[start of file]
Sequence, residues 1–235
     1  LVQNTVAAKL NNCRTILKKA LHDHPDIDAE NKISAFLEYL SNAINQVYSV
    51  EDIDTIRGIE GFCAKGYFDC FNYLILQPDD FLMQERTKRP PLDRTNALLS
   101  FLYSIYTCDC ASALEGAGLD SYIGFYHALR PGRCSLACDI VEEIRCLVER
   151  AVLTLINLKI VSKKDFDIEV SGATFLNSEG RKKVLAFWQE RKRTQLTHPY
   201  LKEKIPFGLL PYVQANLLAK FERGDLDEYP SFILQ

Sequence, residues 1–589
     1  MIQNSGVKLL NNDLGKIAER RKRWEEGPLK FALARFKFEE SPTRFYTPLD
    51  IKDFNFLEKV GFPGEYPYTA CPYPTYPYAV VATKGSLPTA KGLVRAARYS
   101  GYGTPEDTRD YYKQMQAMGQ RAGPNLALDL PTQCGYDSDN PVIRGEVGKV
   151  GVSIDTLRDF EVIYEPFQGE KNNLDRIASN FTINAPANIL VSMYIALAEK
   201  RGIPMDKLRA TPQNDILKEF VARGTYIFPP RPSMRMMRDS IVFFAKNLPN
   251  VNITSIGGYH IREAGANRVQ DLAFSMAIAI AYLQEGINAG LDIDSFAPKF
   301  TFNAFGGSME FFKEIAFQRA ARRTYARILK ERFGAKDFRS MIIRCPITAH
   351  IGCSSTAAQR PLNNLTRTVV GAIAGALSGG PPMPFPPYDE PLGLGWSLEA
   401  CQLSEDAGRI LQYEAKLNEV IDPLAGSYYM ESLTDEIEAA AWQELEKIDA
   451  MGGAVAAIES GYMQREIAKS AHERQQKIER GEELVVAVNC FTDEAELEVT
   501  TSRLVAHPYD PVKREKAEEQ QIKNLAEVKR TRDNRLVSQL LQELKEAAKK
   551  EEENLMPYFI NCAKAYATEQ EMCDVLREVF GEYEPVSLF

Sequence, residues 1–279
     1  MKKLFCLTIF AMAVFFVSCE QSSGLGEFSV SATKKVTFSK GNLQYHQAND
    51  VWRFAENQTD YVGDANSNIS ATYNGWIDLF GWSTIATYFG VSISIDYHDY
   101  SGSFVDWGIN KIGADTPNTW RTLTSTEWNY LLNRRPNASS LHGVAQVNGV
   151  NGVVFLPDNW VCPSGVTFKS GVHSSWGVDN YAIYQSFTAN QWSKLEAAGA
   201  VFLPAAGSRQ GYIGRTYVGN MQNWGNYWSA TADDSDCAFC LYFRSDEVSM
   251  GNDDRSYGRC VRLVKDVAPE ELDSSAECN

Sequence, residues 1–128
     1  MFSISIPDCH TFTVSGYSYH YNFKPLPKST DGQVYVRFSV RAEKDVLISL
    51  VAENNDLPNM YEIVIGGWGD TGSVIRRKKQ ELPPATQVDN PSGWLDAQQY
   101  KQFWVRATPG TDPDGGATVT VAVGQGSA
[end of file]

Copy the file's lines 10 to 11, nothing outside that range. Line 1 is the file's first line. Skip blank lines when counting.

   101  GYGTPEDTRD YYKQMQAMGQ RAGPNLALDL PTQCGYDSDN PVIRGEVGKV
   151  GVSIDTLRDF EVIYEPFQGE KNNLDRIASN FTINAPANIL VSMYIALAEK